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This is a writeup about a project I developed for extracting files directly from a zip archive in cloud storage, read on to find out how it came to be.
So... story time!. Some years ago, I used to work at a startup where we took aerial photographs of crops using drones and multispectral cameras, these photographs were used as the input for several algorithms that stitched them together andextraced information like plants health, humidity, nitrogen concentration and others, which where delivered as georeferenced images, including an aerial map of the whole area analyzed.
All those images where delivered as raster images (layers from here on) to our clients using a web map visualizer, and that's where the problems began. Layers where composed of huge amounts of files representing diferent quadrants of a map section for different zoom levels, also known as tile layers/maps in GIS software; the more zoom levels available and/or the biggest the area represented, the more data that had to be stored.
And storage was really a huge issue, can't quite remember how much of an area a typical map encompassed but they used huge amounts of space, ranging from 900MB to 2GB, sometimes even much more, and that's for a single layer; analysis results as shown to customers used at least two layers, and sometimes up to 5.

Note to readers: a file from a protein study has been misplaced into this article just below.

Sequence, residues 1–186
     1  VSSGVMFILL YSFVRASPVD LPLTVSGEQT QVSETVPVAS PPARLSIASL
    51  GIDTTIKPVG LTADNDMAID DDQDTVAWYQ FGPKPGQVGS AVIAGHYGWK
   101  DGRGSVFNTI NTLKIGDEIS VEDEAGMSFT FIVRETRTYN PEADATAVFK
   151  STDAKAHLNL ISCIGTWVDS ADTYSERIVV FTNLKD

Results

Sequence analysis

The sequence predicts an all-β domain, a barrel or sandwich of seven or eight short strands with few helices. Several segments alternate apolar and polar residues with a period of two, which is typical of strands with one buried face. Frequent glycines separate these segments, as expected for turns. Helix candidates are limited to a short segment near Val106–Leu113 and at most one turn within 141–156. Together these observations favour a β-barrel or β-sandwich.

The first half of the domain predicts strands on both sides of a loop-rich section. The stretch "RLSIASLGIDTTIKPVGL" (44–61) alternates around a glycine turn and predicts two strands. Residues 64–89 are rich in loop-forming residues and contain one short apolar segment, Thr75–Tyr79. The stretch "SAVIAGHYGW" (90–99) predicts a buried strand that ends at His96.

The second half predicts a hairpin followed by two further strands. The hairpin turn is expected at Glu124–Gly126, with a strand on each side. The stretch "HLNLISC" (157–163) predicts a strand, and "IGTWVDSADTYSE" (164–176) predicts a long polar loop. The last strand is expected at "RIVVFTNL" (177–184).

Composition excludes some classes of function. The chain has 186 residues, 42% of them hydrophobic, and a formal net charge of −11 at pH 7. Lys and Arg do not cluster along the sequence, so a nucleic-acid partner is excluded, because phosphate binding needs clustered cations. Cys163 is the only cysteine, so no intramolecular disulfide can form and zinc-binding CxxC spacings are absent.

For the customers to view their maps in our website, required serving those raster layers as static files using a specific file structure, with several folders many levels deep and a huge amount of image tiles; then again, a huge amount of disk space.
The interesting part is that the layers in zipped form used just a tiny fraction of the uncompressed data, even though they where all images that already had compression. At this point I had the idea of serving the files directly from the archive, extracting the image on-the-fly; I was able to implement a simple proof of concept that worked with local files, but the local storage for the virtual machine was expensive and filling up fast. That pushed me to the next idea of not storing the zip archives locally but on cloud blob storage; sadly, I didn't have time to work on that at the moment.
Some time passed and the problem only got bigger, but in the meanwhile I also offered a new job that was not going to rejec, ...and didn´t, so I had to leave the idea to rest. Fast forward some months and I got some free time to work on personal projects, opportunity that I took advantage of to revive the idea that gave life to this project.
What this does is, given a public stored zip archive in Azure Blob Storage and the full path to a file inside it, the service will send it to you in deflate encoding, in other words, the file is simply extracted from the zip file, and sent back to you without being decompressed, saving you egress bandwidth on the cloud provider side, and ingress bandwith for the device receiving it. Deflate encoded files are then decompressed by the target browser and presented to the user.
You can see it in action in the map below, it is currently being served from azure out of a zip file.
Needless to say, this is not the only use for this kind of functionality, but it is the problem that gave life to this idea.